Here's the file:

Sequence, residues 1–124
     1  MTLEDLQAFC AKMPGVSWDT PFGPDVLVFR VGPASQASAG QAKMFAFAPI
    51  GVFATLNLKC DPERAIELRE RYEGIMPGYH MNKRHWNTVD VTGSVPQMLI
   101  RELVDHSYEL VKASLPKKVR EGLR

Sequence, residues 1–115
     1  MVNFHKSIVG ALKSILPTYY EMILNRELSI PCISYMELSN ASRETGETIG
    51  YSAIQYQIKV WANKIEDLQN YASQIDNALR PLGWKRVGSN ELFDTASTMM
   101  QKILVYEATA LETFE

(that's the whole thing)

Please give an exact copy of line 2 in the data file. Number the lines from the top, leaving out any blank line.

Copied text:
     1  MTLEDLQAFC AKMPGVSWDT PFGPDVLVFR VGPASQASAG QAKMFAFAPI